A combination of fish-oil supplements and exercise may help improve cardiovascular health in overweight people, an Australian study suggests.
The study included 75 overweight men and women, ages 25 to 65, who had at least one of the following cardiovascular risk factors-mild hypertension, elevated total cholesterol and elevated plasma triacylglycerols.
The volunteers were divided into groups that received either six grams fish oil (including 260 milligrams docosahexaenoic acid (DHA) and 60 milligrams eicosapentaenoic acid (EPAD; six grams fish oil per day and an exercise regimen of 45 minutes of running or walking three times weekly, six grams sunflower oil (placebo/day, or six grams sunflower oil/day and the exercise regimen.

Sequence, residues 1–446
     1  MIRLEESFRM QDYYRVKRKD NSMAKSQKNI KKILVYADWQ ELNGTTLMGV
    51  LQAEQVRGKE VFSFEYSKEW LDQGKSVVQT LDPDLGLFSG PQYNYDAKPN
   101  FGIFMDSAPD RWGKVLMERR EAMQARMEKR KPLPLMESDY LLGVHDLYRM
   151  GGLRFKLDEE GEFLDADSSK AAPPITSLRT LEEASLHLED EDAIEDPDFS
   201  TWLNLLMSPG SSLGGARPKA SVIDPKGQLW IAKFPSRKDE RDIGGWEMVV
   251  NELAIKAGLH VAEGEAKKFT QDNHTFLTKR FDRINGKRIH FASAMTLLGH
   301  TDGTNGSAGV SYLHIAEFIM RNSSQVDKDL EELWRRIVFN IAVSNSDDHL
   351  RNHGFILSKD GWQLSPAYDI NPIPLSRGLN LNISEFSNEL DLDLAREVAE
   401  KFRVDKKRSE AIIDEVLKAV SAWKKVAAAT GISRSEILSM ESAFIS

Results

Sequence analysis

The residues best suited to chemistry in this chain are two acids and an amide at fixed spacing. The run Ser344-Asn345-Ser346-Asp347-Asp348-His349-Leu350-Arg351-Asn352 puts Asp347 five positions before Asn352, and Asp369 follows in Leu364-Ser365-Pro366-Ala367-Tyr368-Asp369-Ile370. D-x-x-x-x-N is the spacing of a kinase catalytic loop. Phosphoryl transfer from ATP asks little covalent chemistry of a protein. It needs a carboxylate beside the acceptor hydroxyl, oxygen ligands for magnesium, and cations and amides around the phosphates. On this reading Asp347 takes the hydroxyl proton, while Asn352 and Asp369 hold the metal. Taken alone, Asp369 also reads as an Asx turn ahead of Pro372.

The study found that the use of fish oil resulted in a larger decrease in plasma triglycerides, a larger increase in plasma HDL ("good") cholesterol and greater improvement in opening of the blood vessels) than the sunflower oil. Exercise improved small artery flexibility, and the combination of both exercise and fish oil reduced fat mass.
The study confirms the findings of previous research: exercise and fish oil benefit cardiovascular health. The study authors suggested that fish oil could be a useful adjunct to exercise programs designed to improve body composition.
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